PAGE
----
My first revelation was when I heard a black coworker casually mention that he kept diapers and baby wipes in his car in full view, so that if he got stopped the police would believe he was a family man. Wow. I literally NEVER have feared that being pulled over for speeding, or another minor traffic violation might end up in anything other than a ticket for me. The conversations and safety tips a black parent gives their teens are completely different than the conversations I had with mine. Then, the video of the white woman calling the cops on the black bird watcher, and then…the George Floyd murder video. George Floyd, one more in the long list of names of black people dying at the hands of police officers. And back came that uncomfortable feeling as I watched so many of my white friends post their All Lives Matter and white privilege defenses and wished I could find a way to put into words what I felt.

I read a piece recently about singer Billie Eilish, who used her enormous following on social media to explain the concept of white privilege and Black Lives Matter to white people. “You are privileged whether you realize it or not,”  Eilish wrote. “Society gives you privilege just for being white. You can be poor, you can be struggling..and still, your skin color is giving you more privilege than you even realize and nobody is saying that makes you better than anyone.” She went on, “This allows white people to live without having to worry about surviving, simply because of their skin color.” Regarding Black Lives Matter, she said “If all lives matter, why are black people killed for just being black? Why are immigrants persecuted? Why are white people given opportunities that people of other races aren’t?”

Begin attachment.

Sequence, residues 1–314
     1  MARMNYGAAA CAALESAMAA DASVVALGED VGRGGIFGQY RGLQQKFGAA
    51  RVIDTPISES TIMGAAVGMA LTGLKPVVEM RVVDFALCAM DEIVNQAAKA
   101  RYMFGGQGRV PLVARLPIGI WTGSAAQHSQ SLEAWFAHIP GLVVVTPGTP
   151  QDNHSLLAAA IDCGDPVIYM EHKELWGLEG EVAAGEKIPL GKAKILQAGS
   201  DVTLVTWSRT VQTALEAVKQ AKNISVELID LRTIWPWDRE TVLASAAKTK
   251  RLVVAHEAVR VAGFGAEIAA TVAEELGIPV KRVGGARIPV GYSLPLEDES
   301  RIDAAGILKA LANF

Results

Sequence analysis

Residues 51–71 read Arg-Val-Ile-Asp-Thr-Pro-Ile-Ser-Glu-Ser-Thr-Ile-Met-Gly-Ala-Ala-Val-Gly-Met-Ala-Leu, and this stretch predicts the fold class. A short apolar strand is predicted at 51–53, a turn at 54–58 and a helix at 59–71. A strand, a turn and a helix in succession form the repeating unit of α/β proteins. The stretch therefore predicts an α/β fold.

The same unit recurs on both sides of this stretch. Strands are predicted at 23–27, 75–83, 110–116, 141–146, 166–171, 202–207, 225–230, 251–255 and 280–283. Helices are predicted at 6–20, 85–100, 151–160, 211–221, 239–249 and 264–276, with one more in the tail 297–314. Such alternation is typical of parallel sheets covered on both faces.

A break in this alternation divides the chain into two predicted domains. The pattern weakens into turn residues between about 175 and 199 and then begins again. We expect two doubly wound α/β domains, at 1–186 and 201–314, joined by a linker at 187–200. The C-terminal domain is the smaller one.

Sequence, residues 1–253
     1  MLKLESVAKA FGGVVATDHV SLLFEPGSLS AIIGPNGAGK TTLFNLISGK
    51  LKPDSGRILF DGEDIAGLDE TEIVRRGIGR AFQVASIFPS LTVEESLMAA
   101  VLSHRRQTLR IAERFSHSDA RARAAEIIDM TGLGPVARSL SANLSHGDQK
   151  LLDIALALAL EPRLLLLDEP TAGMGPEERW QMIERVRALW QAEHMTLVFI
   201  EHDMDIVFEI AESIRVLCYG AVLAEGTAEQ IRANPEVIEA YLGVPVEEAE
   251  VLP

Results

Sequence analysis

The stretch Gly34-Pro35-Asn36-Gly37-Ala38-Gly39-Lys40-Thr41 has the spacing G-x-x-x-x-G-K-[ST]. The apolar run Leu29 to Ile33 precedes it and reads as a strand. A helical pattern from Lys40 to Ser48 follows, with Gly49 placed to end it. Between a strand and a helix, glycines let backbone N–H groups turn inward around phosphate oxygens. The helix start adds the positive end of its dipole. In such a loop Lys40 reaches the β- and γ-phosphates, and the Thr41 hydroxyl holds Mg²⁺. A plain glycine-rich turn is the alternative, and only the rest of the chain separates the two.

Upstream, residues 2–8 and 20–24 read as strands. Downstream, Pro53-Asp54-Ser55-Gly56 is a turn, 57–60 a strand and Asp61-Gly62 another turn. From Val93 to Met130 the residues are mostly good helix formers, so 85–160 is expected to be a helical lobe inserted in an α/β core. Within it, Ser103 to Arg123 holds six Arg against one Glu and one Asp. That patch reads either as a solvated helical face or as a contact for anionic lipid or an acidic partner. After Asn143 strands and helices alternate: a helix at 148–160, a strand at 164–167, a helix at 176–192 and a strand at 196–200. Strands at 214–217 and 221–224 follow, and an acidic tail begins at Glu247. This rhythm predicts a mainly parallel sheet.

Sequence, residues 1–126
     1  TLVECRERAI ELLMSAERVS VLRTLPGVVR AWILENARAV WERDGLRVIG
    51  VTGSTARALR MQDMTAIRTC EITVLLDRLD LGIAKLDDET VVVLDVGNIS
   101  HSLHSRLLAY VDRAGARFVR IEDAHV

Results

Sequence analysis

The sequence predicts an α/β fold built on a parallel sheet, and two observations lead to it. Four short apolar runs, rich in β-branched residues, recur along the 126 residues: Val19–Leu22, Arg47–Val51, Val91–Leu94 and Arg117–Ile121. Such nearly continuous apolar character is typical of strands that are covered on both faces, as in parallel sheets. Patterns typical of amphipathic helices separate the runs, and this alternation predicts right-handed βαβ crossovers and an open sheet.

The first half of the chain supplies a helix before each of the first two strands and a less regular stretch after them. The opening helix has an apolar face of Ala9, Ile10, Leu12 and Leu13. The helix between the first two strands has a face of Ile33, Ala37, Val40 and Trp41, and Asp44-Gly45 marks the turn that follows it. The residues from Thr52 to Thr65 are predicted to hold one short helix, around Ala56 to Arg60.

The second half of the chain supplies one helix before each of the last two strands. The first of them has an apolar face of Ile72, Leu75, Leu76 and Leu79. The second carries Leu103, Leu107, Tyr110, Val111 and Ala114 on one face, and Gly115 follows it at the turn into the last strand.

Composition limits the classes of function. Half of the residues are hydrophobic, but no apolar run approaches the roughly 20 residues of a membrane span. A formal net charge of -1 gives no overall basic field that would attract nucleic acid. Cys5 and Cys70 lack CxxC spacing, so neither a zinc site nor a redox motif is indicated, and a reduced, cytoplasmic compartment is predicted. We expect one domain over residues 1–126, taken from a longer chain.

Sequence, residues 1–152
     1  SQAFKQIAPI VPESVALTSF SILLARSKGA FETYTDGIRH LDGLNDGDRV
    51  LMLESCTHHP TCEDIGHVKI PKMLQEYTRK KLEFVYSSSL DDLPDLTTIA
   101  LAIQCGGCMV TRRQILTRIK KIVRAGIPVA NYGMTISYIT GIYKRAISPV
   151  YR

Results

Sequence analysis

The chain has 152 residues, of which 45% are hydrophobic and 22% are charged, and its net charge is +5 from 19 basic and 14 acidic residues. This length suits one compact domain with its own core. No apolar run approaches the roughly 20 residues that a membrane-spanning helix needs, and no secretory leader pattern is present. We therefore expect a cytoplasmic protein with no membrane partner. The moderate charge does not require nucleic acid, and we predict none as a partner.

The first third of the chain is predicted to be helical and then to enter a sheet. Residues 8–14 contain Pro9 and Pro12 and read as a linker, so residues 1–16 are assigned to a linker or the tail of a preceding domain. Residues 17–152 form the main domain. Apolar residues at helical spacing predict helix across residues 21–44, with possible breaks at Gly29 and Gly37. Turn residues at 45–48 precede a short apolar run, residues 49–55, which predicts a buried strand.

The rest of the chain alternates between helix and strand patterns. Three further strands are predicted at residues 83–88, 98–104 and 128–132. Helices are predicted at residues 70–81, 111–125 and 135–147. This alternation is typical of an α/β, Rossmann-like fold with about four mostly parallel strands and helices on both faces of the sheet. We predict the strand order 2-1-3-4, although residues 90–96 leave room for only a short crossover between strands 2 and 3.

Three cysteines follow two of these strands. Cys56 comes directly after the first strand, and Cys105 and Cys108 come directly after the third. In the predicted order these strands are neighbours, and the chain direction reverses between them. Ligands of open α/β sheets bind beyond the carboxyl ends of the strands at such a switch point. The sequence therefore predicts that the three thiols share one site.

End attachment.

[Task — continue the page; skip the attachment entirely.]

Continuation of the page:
Billie and several others have pointed out what should have been obvious to me, but somehow wasn’t.

Saying Black Lives Matter isn’t saying ONLY black lives matter.  Saying Black Lives matter is pointing out that society has allowed systemic violence on black people perpetrated by many police officers in a way that doesn’t happen to white people. Our acceptance of the injustices that just keep happening infers that black lives don’t matter, so pointing out that they do is NOT saying other lives don’t.  It is black people who need to be heard. It is black people who are the victims of this violence again and again and again. We already know white lives matter, but it is pretty clear that our allowance of brutality and even murder at the hands of the police are demonstrating that black lives don’t. So we must say it.

Black Lives Matter. Black Lives Matter Black Lives Matter.

An example to explain the point: If your house was on fire, and the fire department came to put out the fire, but your neighbor said “all houses matter” that would be insane, right? Because yours is the house that needs help right now.

I sure don’t have the answers, and I can never fully understand. But I can listen and learn.

I can peacefully demonstrate alongside my black brothers and sisters and listen to their experiences even if they make me uncomfortable.  I can open my mind and my heart. I can stop talking and defending and making it about me. I can donate to causes and organizations that promote change. I can vote. I can actively promote and support black-owned businesses. And I try to further understand the message,

Black Lives Matter.